• CMGI purchases 83 percent of AltaVista in a $2.3 billion deal.
  • AltaVista opened its paid placement program to the general public.

July 1999

  • A new study published in Nature on search engine sizes verifies Northern Light’s claim to having the largest index of the web.
  • Direct Hit announced to begin refining the Open Directory listings at Lycos and appears in a “Top 10” button model at MSN Search.
  • Infoseek announced to be completely acquired by Disney and merged into a new company called
  • AltaVista announces that it will discontinue its paid links program, telling advertisers in an email, “After several months of evaluation and feedback, we believe, in general, this program does not meet the needs of the majority of our advertising partners.”

August 1999

  • FAST Search announces it has a 200 million page index now online, making it the largest search engine based on self-reported numbers.
  • Business Week reports that Yahoo has been in talks to purchase [email protected], while [email protected] president George Bell flatly denies the rumor.
  • Excite announces that it will unveil a large index in the 250 million page range later this month, combined with new intelligence intended to increase relevancy.
  • Excite announces it is to begin using LookSmart information for its directory.
  • AOL NetFind results change to being powered by Inktomi.
  • Go (Infoseek) integrates RealNames into the top of its search results.
  • MSN Search unveils a new beta site that makes use of RealNames, LookSmart and AltaVista data. Direct Hit information is also offered.

September 1999

  • The new AOL Search comes out of beta and taken over from the old AOL NetFind service.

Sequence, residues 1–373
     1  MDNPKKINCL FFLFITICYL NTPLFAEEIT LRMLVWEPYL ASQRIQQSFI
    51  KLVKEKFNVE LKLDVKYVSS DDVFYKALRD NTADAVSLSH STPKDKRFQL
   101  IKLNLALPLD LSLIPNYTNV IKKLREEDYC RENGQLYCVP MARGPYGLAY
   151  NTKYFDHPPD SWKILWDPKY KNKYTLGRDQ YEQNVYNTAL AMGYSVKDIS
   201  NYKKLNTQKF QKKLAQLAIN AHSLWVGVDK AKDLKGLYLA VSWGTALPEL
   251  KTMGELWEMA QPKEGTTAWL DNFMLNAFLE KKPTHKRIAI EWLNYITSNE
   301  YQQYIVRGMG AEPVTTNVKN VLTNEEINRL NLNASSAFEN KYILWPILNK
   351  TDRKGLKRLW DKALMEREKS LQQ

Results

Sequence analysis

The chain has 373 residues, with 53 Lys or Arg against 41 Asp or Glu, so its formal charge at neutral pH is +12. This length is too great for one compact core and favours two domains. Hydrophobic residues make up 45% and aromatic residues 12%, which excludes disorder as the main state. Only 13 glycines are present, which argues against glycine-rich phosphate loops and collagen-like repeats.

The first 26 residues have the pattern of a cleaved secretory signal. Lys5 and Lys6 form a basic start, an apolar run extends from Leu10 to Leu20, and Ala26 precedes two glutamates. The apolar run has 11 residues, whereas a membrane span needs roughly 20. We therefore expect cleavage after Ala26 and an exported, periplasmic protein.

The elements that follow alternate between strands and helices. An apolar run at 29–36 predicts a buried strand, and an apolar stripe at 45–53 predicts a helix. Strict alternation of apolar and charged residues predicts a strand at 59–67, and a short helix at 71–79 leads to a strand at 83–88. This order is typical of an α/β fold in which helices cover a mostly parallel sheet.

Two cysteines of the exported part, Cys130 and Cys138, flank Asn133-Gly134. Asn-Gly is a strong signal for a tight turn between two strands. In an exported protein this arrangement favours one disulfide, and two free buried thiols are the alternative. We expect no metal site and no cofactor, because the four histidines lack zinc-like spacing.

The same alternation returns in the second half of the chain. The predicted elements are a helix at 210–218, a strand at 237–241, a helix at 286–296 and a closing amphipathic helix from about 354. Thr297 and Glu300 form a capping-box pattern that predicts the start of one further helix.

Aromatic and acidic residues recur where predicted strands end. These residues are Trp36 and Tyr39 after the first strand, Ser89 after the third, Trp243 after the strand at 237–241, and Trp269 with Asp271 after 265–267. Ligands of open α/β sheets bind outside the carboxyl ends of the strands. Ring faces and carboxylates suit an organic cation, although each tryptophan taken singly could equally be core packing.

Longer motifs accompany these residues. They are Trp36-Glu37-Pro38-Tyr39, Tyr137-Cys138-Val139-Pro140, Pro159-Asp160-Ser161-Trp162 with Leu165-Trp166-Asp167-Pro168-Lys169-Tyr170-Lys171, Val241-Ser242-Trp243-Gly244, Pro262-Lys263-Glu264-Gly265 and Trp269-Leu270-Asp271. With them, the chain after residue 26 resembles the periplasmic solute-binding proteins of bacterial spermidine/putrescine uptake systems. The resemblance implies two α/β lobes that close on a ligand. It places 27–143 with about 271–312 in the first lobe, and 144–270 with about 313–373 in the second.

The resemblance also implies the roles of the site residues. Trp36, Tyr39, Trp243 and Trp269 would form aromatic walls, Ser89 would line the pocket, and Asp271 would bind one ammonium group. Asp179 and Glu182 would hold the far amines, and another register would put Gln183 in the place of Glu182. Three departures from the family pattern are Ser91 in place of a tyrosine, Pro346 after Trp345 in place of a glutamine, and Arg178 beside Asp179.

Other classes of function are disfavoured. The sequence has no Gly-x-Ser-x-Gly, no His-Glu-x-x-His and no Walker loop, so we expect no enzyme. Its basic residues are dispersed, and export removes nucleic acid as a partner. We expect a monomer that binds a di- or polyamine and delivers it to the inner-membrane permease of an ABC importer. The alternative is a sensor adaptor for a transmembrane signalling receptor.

• The new, non-beta version of Google goes live.
  • The United States Federal Trade Commission successfully obtains a preliminary injunction against a company accused of stealing other people’s high-ranking pages and submitting them to search engines in hopes of misleading consumers and capturing traffic. This is the first time a government agency has intervened in such a dispute.

October 1999

  • With great fanfare, AltaVista relaunches under the ownership of CMGI as its challenger against more established portals such as Yahoo, Excite and Lycos.
  • MSN Search begins featuring Direct Hit links more prominently than since its relaunch.
  • iWon Launches

November 1999

  • Problems with AltaVista’s index in the wake of its recent launch leave some webmasters upset.
  • Snap member-based LiveDirectory service
  • Alexa Releases Amazon Shopping Tool
  • Google begins running text banner ads
  • wins a preliminary injunction against Go regarding the Go logo.

December 1999

  • MSN Search shifts back to using Inktomi information for the “Web Pages” section of its results. MSN had dropped Inktomi earlier this year, after a major deal was cut with AltaVista.
  • RealNames Temporarily Suspends Registration Of Generics
  • Longer Domain Names Introduced
  • Moreover news search service launched.

Beyond The Search Engine Timeline

For a further guide to dates beyond those in the search engine timeline above, I recommend viewing the various archive pages in Search Engine Watch. They show newsletter articles and blog posts that have been written in chronological order. The latest articles are shown at the top, and then links at the bottom let you drill down by month or year.